LANSING, Mich.--()--For many local governments, 2012 is an inflection point. New data show a brightening revenue outlook. But the cost of health insurance for employees and retirees is rising after a brief 2011 reprieve.
The report Health and OPEB Funding Strategies: 2012 National Survey of Local Governments explores how local units of government across the United States are working to make employee and retiree health care programs more sustainable. Now in its 5th year, the report by the non-profit Cobalt Community Research is the largest and most comprehensive look at what local governments are doing to address health costs and what they plan to do.
The report shows 7% fewer local units of government provide health coverage to their active employees than in 2011. Governments who do provide health coverage are paying a slightly smaller share of the premium. Fewer local governments are self-insuring. The percentage of governments whose employees receive insurance through their union jumped from 2% in 2011 to 13% in 2012.
The report also shows a drop in the percentage of local governments who provide health insurance for retired employees, down to 46% from 59% in 2011. The Midwest showed the largest drop, down from 68% to 50%. Nationally, those providing retiree health coverage are increasingly doing so through a coalition/pool, which increased from 12% to 26%. As in 2011, there was a slight decrease in the percentage of local governments who are fully or partially prefunding their retiree health liabilities.
The 2012 Cobalt report marks an improvement in the confidence local government respondents express in their efforts to contain health costs. Such efforts include greater engagement with unions to reduce coverage, a modest move away from deductible increases and toward premium sharing, a strong wellness push and continued work to roll out HSA- and HRA-type programs (Health Savings Accounts and Health Reimbursement Arrangements). Many local governments are reopening health care plans to renegotiate lower costs with the carrier/administrator.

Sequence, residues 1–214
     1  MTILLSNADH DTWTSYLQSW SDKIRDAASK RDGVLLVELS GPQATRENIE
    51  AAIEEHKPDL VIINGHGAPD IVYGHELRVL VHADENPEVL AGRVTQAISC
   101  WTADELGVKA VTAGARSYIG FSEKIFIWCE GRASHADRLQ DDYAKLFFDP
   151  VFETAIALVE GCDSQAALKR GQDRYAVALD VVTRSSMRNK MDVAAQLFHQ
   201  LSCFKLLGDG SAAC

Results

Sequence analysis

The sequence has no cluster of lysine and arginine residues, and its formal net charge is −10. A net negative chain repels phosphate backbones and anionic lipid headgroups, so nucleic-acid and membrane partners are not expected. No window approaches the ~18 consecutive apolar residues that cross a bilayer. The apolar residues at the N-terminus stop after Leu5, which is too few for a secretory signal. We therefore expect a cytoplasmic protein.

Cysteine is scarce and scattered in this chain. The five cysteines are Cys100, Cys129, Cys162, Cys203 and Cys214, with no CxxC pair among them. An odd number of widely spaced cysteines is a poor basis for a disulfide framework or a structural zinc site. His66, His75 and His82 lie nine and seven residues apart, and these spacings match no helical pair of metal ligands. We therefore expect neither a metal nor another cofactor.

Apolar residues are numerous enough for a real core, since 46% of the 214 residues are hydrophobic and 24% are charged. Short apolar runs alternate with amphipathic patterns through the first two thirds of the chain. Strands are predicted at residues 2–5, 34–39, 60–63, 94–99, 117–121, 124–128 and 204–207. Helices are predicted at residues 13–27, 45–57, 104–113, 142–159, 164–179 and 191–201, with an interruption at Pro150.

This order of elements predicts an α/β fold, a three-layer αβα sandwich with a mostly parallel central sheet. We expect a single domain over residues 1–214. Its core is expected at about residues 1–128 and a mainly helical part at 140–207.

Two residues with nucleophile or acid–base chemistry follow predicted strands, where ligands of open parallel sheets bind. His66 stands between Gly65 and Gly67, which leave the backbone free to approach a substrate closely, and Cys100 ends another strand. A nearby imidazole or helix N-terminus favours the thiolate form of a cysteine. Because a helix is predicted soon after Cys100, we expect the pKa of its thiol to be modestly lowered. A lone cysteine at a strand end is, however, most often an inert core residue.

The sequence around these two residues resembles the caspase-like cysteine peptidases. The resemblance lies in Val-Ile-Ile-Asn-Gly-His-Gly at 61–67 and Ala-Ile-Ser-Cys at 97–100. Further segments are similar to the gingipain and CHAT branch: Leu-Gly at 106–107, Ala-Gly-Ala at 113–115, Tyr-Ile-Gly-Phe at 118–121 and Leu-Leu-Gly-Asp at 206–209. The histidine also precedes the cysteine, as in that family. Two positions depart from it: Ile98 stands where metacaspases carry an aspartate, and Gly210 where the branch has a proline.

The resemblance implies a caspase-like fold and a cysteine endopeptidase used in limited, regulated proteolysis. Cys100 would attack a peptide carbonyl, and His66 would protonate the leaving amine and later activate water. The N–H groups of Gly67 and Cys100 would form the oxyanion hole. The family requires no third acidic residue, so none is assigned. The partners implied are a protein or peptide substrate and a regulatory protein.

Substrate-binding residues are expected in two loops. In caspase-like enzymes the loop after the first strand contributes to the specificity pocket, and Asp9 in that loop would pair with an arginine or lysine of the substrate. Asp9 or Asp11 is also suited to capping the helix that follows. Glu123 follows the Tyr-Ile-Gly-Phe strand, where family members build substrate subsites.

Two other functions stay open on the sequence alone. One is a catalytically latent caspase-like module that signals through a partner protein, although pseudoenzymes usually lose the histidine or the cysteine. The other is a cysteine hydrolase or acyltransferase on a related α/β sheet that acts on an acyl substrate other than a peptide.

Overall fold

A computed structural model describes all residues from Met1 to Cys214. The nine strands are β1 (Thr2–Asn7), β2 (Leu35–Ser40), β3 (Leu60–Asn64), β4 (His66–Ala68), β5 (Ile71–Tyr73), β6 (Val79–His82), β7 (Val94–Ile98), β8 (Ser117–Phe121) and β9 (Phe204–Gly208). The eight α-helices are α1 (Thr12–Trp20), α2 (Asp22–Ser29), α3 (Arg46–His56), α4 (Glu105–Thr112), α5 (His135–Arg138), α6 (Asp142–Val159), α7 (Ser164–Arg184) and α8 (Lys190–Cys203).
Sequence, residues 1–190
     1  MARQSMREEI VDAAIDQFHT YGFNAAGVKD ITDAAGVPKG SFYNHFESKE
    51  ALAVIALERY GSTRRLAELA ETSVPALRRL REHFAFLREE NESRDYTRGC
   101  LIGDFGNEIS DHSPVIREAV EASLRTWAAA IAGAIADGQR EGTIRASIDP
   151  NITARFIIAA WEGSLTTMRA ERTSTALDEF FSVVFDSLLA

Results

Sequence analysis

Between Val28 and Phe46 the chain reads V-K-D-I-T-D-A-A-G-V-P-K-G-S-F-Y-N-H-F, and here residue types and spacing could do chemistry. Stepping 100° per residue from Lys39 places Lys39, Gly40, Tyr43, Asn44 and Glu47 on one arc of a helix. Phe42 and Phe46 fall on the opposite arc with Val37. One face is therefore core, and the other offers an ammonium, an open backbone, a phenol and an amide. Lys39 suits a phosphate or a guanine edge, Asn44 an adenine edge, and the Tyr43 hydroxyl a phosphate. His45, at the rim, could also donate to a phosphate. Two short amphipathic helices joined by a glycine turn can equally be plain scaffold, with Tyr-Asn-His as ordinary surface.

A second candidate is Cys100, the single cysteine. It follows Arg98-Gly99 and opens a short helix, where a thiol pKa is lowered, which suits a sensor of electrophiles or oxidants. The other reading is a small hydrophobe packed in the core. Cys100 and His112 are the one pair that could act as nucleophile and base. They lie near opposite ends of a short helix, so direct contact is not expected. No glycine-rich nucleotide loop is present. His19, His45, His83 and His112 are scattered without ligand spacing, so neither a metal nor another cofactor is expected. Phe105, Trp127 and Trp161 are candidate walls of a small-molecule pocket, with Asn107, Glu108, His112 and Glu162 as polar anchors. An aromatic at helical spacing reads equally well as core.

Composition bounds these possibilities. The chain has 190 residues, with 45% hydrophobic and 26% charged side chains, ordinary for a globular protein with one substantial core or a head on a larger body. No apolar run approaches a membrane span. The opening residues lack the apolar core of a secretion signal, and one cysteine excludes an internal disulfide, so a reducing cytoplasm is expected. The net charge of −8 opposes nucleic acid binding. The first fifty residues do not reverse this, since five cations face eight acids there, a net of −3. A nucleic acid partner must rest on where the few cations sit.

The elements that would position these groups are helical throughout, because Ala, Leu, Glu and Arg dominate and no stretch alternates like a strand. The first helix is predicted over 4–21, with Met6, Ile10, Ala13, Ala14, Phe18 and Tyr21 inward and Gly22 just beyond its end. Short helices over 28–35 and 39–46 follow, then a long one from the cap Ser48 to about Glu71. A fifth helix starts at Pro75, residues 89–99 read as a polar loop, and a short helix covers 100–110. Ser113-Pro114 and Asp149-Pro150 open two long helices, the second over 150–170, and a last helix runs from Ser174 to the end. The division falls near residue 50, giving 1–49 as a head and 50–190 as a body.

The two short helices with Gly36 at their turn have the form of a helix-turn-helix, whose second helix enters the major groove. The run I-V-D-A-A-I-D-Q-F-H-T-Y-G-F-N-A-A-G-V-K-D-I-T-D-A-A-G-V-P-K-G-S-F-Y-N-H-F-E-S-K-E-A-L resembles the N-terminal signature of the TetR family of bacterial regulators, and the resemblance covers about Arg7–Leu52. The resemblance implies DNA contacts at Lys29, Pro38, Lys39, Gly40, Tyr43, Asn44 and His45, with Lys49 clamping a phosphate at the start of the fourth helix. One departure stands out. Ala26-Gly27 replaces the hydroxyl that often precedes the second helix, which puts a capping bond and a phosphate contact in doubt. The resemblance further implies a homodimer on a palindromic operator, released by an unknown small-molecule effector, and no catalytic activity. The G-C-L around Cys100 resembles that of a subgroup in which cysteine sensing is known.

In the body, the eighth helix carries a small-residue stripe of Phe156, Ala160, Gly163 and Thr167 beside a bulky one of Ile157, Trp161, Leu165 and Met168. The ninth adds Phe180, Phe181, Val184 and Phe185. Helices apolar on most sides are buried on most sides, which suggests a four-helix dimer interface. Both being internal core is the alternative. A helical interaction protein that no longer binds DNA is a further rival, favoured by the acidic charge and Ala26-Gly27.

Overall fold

More than 2,330 local units of government replied to the 2012 survey, the largest level of response since the study began 5 years ago. The results are by local government size, type, Census region and division.
The study was coordinated by Cobalt Community Research, a leading nonprofit research coalition based in Lansing, Michigan. The study was made possible through the support of the following organizations: Cavanaugh Macdonald Consulting, the Employee Benefit Research Institute, the Government Finance Officers Association, Ice Miller, Public Consulting Group, the Municipal Employees’ Retirement System of Michigan and the National Conference on Public Employee Retirement Systems.
The report is available at no cost at www.cobaltcommunityresearch.org/health.
About Cobalt Community Research
Cobalt Community Research is a 501c3 nonprofit coalition with a mission to provide research and educational tools that help schools, local governments and other nonprofit member organizations thrive as changes emerge in the economic, demographic and social landscape. Cobalt provides citizen surveys, business engagement surveys, employee surveys, school surveys and other specialized research for governmental and membership organizations. Learn more at www.cobaltcommunityresearch.org.
Additional information on health funding, GASB 45 and local government response is available through the following organizations:
|Cavanaugh Macdonald Consulting, LLC||678.388.1700||
|Employee Benefit Research Institute||202.659.0670||
|Government Finance Officers Association||312.977.9700||
|Public Consulting Group||800.210.6113||
|Municipal Employees’ Retirement System of Michigan||800.767.6377||
|National Conference on Public Employee Retirement Systems||877.202.5706||